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dc.titleThe in vitro cytotoxicity of ascorbate depends on the culture medium used to perform the assay and involves hydrogen peroxide
dc.contributor.authorClément, M.-V.
dc.contributor.authorRamalingam, J.
dc.contributor.authorLong, L.H.
dc.contributor.authorHalliwell, B.
dc.identifier.citationClément, M.-V.,Ramalingam, J.,Long, L.H.,Halliwell, B. (2001). The in vitro cytotoxicity of ascorbate depends on the culture medium used to perform the assay and involves hydrogen peroxide. Antioxidants and Redox Signaling 3 (1) : 157-163. ScholarBank@NUS Repository.
dc.description.abstractReports about the effects of ascorbate (vitamin C) on cultured cells are confusing and conflicting. Some authors show inhibition of cell death by ascorbate, whereas others demonstrate that ascorbate is cytotoxic. In this report, using three different cell types and two different culture media (Dulbecco's modified Eagle's medium and RPMI 1640), we show that the toxicity of ascorbate is due to ascorbate-mediated production of H2O2, to an extent that varies with the medium used to culture the cells. For example, 1 mM ascorbate generates 161 ± 39 μM H2O2 in Dulbecco's modified Eagle's medium and induces apoptosis in 50% of HL60 cells, whereas in RPMI 1640 only 83 ± 17 μM H2O2 is produced and no apoptosis is detected. Apoptosis is prevented by catalase, and direct addition of H2O2 at the above concentration to the cells has similar effects to ascorbate. These results show that ascorbate itself is not toxic to the cell lines used and that effects of ascorbate in vivo cannot be predicted from studies on cultured cells. The ability of ascorbate to interact with different cell culture media to produce H2O2 at different rates could account for many or all of the conflicting results obtained using ascorbate in cultured cell assays.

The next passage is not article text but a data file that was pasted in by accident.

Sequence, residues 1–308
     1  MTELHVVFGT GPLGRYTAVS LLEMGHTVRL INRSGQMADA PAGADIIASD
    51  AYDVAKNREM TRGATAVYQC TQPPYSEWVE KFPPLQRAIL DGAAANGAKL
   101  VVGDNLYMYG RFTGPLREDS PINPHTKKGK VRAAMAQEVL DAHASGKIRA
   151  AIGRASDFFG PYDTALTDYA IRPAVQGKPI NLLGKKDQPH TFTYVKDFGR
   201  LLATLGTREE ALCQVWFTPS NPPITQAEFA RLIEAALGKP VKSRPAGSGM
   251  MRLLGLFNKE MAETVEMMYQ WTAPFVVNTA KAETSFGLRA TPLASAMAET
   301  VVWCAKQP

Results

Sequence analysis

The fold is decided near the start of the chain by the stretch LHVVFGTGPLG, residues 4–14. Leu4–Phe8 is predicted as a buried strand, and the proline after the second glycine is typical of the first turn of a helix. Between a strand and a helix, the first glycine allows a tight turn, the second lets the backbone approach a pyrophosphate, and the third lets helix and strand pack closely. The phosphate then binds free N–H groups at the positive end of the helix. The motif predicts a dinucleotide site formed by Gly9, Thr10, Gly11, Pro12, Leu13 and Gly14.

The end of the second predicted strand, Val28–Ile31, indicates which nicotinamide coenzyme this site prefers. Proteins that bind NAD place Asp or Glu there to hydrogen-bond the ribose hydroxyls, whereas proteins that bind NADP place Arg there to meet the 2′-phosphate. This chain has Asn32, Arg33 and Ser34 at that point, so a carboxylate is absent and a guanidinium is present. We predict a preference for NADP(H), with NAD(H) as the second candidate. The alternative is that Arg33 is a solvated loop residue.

dc.description.sourcetitleAntioxidants and Redox Signaling
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